But apparently not everyone around her sees it quite that way.

Everyone around Sydney celebrity real estate queen Monika Tu doesn't think everything is all rosy, despite what her Instagram suggests.

Everyone around Sydney celebrity real estate queen Monika Tu doesn’t think everything is all rosy, despite what her Instagram suggests. Photo: James Brickwood

PS can reveal Tu’s Sydney real estate agency Black Diamondz is at the centre of two legal battles being waged by former star agents, Rob Page and Martin Ross, who claim Tu and her business owe them hundreds of thousands of dollars in unpaid commissions from some of the biggest trophy home sales made to Chinese buyers.

While Tu disputes the claims, she declined to comment to PS about her former agents, saying she was confident to leave it to the courts.

However, listed in the NSW District Court is a matter between former Black Diamondz agent Robert Page, who is suing Tu’s company, Khatter Group International, which owns Black Diamondz, over his claims for unpaid commissions.

Life is lavish in Monika Tu's Instagram.

Life is lavish in Monika Tu’s Instagram. Photo: Instagram/@monikatubd

Page is suing for more than $ 100,000.

Meanwhile another former agent of Tu’s, Martin Ross, is embroiled in a separate battle over his claims for unpaid commissions.

While Ross’s matter has not made it to court yet, he has retained a solicitor and barrister to handle his case.

Monika Tu describes herself as a

Monika Tu describes herself as a “lifestyle concierge”. Photo: Louie Douvis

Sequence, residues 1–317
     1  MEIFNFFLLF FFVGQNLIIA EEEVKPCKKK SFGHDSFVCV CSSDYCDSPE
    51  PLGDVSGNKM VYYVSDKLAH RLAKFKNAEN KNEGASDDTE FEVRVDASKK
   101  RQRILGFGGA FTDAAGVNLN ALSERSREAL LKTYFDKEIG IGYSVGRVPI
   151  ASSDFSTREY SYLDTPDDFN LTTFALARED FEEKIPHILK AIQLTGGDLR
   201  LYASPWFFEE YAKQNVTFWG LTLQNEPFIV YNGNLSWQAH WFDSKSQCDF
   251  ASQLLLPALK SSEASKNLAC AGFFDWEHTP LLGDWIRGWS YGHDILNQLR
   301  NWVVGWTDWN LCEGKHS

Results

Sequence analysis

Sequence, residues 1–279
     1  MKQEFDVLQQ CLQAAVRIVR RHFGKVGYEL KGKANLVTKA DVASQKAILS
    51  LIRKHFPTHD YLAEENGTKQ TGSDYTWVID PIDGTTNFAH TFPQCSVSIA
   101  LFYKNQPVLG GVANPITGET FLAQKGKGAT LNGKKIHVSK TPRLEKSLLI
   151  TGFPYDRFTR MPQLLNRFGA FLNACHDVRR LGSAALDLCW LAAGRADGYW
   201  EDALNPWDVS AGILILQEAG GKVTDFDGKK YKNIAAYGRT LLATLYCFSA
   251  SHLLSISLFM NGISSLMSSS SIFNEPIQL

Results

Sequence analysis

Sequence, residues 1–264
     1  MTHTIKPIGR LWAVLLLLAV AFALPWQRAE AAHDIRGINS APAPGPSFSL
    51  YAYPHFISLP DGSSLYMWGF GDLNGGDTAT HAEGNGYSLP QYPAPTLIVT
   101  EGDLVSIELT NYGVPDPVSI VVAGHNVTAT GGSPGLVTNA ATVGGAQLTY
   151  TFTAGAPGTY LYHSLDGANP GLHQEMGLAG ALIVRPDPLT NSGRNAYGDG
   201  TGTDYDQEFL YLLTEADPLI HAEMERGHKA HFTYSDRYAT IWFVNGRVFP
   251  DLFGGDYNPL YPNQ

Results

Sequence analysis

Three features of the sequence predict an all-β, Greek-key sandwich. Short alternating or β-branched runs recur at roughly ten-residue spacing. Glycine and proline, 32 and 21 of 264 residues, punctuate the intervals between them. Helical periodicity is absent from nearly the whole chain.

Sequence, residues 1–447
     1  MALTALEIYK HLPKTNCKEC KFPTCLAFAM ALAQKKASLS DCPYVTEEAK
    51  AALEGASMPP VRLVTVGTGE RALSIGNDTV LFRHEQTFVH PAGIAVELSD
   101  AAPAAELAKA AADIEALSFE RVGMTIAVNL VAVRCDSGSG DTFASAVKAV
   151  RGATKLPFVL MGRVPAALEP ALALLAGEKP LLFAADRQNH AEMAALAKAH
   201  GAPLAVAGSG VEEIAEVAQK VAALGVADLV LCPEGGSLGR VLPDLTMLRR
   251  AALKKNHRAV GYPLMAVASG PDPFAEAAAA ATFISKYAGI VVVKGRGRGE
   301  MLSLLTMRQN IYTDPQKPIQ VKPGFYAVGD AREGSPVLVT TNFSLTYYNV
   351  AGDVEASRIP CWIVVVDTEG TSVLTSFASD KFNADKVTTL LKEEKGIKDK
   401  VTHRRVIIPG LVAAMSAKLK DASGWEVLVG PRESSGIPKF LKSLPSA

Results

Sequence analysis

It was Ross who sold Point Piper’s magnificent Mandalay estate in 2015 for a staggering $ 39.9 million, the highest result of the year and at the time a record for a non-waterfront Australian house.

The house was bought by Chinese road construction and eco-resort developer Phillip Dong Fang Lee and his wife, Shi Xiaobei, with the sale affording a hefty commission for the agent, though the deal has left a sour taste for Ross and was a catalyst for his legal action.

Neither Page nor Ross were prepared to comment when PS called this week.

Crichton’s big spend

Whispers that newlywed luxury car importer Neville Crichton had chartered Jim Clarke’s supermaxi Comanche to race in this year’s Sydney to Hobart appear to be only part of the story.

It appears the deal has developed somewhat and Croaky, who married exotic beauty Nadi Hassandiac in a spare-no-expense wedding earlier this year, is now considering buying the boat, with not much change out of $ 20 million.

Neville Crichton and Nadi Hassandiac got hitched earlier this year.

Neville Crichton and Nadi Hassandiac got hitched earlier this year. Photo: Supplied

Unlike Jim Clarke’s wife, former Aussie supermodel Kristy Hinze, Crichton’s new wife admits her sea legs are better in Dior heels on terra firma. Crichton is a sailing tragic from way back and has ambitions to be front and centre of this year’s race, with his sights firmly set on beating his high seas nemesis, Sandy Oatley’s Wild Oats.